Recently we asked our Facebook community to tell us about people who have lived long and well with diabetes – people who have lived 20, 30 or even 40 years or more with the disease. Having received a lot of great responses, we’re privileged to present these favorites on the blog this week. We’re hope you’re as inspired by these personal stories as we are!
Name: Chris Coleman
Age: 54 (diagnosed at 8)
Location: Fitchburg, Mass.
Soon I will mark my 46th “diaversary” with type 1 diabetes. Right now, I’m healthy and doing fairly well through a lot of both hard work and luck. With me in the photo is my son, who’s had T1D for 10 years. It truly is a long road with few and painfully short breaks—if there are any at all.
Diabetes has definitely affected my relationship with my son. It’s been difficult in some ways and great in others. He gets my support, but still, I’m a dad and I like to offer up stories like “you know in my day, we only had Tab [to help correct blood glucose lows], and we liked it, dagnamit.”
We have an advantage in having other supplies to go to if there is a problem. We also have a close relationship when complications crop up. We understand what a high or a low feels like and can empathize with one another.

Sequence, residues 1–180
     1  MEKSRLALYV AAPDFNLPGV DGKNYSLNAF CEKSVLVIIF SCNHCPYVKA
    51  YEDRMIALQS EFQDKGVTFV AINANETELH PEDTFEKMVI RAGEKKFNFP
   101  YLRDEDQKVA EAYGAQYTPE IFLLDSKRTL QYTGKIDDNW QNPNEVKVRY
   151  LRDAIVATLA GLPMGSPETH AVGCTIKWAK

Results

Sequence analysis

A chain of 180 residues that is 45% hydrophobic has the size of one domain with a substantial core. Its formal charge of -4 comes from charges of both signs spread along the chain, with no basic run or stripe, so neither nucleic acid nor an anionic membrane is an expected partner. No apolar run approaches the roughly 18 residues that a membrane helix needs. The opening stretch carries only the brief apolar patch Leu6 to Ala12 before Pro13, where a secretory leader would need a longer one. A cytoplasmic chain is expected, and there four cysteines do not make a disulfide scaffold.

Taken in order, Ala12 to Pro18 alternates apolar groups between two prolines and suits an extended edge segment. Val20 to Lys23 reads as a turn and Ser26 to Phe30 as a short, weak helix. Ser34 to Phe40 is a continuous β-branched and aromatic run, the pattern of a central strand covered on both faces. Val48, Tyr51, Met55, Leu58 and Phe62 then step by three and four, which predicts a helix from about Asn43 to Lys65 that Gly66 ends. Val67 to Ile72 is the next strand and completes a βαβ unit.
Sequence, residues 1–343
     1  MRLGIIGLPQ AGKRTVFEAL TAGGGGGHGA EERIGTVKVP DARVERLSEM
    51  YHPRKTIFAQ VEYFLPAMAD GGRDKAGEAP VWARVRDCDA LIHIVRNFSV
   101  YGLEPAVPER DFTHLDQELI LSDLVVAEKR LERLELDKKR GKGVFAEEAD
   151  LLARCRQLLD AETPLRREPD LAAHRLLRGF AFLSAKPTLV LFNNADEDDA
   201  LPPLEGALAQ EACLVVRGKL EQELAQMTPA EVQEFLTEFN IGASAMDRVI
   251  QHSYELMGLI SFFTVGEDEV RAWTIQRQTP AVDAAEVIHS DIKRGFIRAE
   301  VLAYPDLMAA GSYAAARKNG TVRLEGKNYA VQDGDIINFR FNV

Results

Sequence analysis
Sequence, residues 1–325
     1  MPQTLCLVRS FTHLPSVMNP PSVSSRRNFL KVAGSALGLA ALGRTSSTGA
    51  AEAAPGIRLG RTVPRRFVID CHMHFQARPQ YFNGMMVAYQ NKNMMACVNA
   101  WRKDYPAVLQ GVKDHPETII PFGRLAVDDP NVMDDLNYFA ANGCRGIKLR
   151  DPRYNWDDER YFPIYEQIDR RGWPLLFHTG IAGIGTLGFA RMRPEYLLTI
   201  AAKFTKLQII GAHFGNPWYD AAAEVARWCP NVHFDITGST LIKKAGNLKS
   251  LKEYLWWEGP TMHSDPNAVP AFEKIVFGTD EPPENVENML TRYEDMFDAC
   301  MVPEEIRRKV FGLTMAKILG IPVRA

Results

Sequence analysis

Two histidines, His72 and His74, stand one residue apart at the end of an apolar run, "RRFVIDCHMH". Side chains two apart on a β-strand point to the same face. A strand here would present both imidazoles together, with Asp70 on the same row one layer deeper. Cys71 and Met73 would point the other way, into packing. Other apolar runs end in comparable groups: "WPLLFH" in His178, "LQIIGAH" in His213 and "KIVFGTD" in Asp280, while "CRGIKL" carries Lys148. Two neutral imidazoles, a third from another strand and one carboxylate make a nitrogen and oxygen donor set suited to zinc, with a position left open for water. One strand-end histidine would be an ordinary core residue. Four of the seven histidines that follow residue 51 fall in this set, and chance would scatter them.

I also am not all over him when there’s a high reading. Of course there’s a degree of “well, yeah, that isn’t good…” for certain behaviors. But I also know that treating abnormal blood glucose readings as something done wrong will cause kids with diabetes to hide them. You don’t yell at your kid for a temperature, so there’s no need to yell about a high glucose number.
My son’s diagnosis was a very important incentive to take care of myself and my own diabetes. I am his example now. Doctors can say almost anything, but the examples at home are the best examples to go by.
All parents of children with type 1 should realize that their kids are going to deal with their condition as their parents do. If the parents worry a lot, the kids will. If the parents don’t care, neither will the kids.
I’ve seen a lot in the last 46 years. Since I was diagnosed, the biggest improvement to diabetes management has to be the blood glucose monitor. Back in my day, it was urine testing with pills dropped into a water-urine mix. That was incredibly outdated, using information hours old and potentially very incorrect. Even against the faster insulins and the pump, knowing where you are with your blood glucose is still the most important piece of knowledge to have.
If you’re new to diabetes, know that you’re far from alone. A lot of times, that doesn’t mean much. But for every problem you’ve had, someone else has had the same situation and has (or hasn’t) dealt with it. Whether you need a word of encouragement or something more substantial, there are people there who can help you.